it now means that one state (to be more precise: an institution from one state, or even more precise: somebody working in a representative position of one institution of one state has to stand ups against one the breach of HR by another state.Did I say by another state? Well, more precision would suggestBreach of HR by one person (Erdogan) who claims that he represents the state – as the public – and can thus oblige every citizen to accept those rules, even if they are finally private rules in the sense of the rules an individual defines …
Still to be added: representing in the one case means “speaking for”, in the other case it claims to mean “to be”. ‘L’État, c’est moi’
At the end it surely still remains a lot to be clarified, and even to be formulated as question. I suppose it is a challenge I may pass on to my new students, when commencing teaching next week
“It’s indisputable that there’s a real pay gap. People can argue about how big, but that’s almost besides the point, The point is that every woman, every girl deserves to get paid what they’re worth.”
These are words by Sheryl Sandberg, taken from the Huffington Post, looking only on the year, not day, it had been five years ago. I am wondering if this is about a modern form of slavery and trafficking? Is payment about worth, even value of people in monetarised form? The difference is today’s deference of women: in old slave societies “owners”, the previous slave owner had been paid; Sandberg proposes to pay the slaves themselves. Hummmm, enslave yourself as alternative to wage work? Or is it just the same?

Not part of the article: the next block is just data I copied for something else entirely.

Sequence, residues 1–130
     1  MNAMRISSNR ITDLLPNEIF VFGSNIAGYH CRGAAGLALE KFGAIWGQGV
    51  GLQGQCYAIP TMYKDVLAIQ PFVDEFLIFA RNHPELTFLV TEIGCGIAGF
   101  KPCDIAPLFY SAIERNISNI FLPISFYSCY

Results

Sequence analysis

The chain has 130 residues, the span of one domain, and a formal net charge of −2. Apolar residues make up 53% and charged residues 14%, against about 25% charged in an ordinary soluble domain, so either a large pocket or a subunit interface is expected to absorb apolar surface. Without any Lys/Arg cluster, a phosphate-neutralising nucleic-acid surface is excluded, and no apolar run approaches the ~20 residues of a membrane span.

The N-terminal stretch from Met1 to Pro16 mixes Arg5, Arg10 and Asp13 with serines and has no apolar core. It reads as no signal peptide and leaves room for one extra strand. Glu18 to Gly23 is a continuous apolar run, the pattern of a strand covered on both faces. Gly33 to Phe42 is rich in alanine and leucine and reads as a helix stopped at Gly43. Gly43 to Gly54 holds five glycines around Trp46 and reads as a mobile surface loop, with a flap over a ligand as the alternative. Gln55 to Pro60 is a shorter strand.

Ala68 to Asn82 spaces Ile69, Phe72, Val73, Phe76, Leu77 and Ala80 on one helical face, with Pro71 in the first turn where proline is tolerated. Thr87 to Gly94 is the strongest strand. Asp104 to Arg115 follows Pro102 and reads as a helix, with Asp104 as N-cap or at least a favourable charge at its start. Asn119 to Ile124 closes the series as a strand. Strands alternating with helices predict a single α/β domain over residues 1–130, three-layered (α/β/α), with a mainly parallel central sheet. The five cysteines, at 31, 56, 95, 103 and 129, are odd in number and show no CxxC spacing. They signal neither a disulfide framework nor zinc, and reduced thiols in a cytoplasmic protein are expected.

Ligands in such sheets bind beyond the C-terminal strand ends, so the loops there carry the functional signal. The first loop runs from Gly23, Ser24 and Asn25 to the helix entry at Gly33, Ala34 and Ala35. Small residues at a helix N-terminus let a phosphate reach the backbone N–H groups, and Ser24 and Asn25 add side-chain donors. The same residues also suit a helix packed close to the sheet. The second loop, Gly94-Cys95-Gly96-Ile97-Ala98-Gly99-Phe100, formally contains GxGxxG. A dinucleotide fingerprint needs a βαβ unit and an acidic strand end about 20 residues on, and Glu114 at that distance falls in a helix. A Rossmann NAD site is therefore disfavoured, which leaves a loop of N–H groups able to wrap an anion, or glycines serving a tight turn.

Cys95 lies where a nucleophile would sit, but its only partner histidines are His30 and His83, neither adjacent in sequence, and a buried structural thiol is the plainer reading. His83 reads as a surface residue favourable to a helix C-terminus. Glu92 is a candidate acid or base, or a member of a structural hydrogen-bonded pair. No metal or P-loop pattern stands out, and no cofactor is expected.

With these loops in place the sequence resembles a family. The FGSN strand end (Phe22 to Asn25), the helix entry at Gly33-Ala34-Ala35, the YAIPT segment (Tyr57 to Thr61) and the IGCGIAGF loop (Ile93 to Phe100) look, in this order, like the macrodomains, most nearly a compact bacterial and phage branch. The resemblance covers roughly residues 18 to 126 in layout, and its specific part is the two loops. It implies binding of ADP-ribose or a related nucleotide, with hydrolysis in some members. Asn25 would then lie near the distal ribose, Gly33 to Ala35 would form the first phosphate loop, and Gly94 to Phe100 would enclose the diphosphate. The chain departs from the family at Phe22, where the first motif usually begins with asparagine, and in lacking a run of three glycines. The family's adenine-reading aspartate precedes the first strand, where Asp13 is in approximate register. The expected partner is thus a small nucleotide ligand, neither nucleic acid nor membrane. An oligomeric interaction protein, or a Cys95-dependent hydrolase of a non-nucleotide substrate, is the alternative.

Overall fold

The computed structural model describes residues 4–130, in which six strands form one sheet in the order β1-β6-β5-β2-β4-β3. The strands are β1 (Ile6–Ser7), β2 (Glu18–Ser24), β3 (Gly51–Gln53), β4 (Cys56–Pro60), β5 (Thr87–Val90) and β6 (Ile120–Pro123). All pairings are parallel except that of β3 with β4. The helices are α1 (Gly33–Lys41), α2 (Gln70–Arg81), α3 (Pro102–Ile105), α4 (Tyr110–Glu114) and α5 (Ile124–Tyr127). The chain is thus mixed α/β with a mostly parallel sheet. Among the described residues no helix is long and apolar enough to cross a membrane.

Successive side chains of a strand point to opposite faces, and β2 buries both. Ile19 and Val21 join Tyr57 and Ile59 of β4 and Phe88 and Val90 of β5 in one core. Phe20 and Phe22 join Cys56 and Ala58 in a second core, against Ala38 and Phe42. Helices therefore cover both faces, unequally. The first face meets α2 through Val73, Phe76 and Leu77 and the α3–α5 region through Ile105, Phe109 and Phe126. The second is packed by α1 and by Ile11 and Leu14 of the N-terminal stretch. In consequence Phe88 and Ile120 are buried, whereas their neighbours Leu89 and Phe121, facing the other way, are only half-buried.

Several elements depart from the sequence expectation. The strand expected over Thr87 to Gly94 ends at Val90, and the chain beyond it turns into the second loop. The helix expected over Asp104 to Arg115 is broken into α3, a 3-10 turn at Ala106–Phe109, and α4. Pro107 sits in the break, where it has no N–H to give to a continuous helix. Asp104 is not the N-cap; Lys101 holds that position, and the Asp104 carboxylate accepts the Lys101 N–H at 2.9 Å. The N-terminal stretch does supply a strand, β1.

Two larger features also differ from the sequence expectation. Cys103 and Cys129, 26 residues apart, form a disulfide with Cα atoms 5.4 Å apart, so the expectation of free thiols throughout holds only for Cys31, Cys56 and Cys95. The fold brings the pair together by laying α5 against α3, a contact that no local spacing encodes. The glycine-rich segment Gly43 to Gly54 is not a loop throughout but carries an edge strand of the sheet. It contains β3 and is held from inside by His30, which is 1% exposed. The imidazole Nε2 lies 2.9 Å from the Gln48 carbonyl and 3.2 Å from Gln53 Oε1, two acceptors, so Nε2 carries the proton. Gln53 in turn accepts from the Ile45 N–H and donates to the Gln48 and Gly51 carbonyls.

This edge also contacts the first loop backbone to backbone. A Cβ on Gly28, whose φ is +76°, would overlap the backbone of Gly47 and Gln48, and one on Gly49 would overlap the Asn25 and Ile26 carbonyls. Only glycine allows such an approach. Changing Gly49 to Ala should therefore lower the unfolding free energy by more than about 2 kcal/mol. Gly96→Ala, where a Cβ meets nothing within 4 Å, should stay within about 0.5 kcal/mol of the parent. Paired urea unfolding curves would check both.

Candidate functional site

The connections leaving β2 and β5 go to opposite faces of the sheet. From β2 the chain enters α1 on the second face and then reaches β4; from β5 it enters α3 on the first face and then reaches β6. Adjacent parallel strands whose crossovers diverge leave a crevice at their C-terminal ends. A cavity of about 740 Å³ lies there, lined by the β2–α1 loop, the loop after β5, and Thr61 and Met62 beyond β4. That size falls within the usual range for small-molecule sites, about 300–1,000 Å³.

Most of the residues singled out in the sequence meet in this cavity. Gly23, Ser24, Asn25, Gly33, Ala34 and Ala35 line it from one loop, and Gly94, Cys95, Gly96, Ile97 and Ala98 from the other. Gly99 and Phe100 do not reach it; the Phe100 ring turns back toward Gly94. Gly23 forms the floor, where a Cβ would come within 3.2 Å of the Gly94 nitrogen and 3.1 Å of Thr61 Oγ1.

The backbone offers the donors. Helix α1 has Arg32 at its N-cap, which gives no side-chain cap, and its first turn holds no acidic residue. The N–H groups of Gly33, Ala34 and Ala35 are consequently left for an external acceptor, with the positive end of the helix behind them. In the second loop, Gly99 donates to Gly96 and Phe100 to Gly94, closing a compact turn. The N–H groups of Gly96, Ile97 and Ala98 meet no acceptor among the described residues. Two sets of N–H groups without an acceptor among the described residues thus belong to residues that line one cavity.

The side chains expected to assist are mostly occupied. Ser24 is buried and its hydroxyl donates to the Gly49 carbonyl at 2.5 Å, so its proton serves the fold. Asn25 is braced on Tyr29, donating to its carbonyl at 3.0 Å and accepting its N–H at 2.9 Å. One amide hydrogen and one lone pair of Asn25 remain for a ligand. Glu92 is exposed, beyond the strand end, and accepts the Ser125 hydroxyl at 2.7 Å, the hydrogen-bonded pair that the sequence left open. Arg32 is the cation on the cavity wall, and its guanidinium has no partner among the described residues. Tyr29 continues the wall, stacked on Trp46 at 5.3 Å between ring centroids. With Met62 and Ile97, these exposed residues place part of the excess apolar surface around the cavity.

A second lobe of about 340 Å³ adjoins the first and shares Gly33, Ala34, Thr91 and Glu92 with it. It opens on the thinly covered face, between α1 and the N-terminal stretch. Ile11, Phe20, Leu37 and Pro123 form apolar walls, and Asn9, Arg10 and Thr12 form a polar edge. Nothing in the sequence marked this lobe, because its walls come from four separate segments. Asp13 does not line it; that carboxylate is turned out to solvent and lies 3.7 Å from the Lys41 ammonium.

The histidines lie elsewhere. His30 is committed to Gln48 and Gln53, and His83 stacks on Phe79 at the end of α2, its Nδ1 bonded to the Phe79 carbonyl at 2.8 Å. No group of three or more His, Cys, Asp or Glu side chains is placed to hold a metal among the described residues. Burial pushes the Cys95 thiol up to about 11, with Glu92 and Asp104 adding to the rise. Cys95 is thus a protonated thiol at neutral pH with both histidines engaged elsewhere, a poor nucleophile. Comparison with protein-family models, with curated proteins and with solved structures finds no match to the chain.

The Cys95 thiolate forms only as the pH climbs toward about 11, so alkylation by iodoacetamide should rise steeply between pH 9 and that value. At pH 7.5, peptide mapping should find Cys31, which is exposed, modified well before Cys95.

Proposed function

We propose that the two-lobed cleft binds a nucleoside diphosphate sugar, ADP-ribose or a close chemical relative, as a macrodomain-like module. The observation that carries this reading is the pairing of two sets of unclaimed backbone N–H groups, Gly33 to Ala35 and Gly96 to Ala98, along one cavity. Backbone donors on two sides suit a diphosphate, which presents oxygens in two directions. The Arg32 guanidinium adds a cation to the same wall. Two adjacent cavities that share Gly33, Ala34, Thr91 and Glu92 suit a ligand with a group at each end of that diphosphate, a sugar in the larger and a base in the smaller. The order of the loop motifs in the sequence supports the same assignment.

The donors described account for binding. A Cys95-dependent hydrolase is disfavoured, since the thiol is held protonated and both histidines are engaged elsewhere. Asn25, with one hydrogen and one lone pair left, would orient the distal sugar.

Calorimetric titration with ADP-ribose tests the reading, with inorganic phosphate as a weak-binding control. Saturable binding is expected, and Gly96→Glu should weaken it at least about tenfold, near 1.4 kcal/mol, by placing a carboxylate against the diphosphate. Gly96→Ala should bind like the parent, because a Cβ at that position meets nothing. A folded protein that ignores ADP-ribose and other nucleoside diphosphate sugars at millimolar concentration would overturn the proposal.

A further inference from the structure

Surely an interesting question, most appropriate for the 8th of March, the International Women’s day.
A different point – as matter of a different chapter in the same book. In a brief note, titled
(even) the IWD (Institute of the German Economy) contends that inequality is going far beyond the gender pay gap, engraved in the entity and the expectations:
Although an attractive basic salary is at the top of the employers’ wish lists for both sexes, women in the various disciplines have on average significantly lower expectations than men in this respect.
The plan for the weekend is concluding the final touch – the topic a huge one – and the aim to put struggle on the human rights agenda, understanding these rights not as matter of achieving global harmony but als permanent contest about self-determination in a world without borders – obviously an oxymoron.
The subtitle of the present intro, well, actually the title of the book will be
The Right to Stay – the Right to Move
Aren’t we living in a world of abundance?